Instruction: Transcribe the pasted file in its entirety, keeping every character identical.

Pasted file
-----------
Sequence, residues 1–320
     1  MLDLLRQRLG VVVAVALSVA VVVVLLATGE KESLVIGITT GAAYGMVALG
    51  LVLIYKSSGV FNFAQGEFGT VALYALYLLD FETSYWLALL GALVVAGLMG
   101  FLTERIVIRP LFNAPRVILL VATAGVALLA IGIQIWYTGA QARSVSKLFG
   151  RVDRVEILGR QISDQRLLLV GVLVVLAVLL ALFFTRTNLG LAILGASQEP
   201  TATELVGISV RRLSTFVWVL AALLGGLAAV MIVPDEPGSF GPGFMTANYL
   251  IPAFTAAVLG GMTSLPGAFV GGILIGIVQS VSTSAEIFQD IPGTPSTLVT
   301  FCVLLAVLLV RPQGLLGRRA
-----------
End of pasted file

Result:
Sequence, residues 1–320
     1  MLDLLRQRLG VVVAVALSVA VVVVLLATGE KESLVIGITT GAAYGMVALG
    51  LVLIYKSSGV FNFAQGEFGT VALYALYLLD FETSYWLALL GALVVAGLMG
   101  FLTERIVIRP LFNAPRVILL VATAGVALLA IGIQIWYTGA QARSVSKLFG
   151  RVDRVEILGR QISDQRLLLV GVLVVLAVLL ALFFTRTNLG LAILGASQEP
   201  TATELVGISV RRLSTFVWVL AALLGGLAAV MIVPDEPGSF GPGFMTANYL
   251  IPAFTAAVLG GMTSLPGAFV GGILIGIVQS VSTSAEIFQD IPGTPSTLVT
   301  FCVLLAVLLV RPQGLLGRRA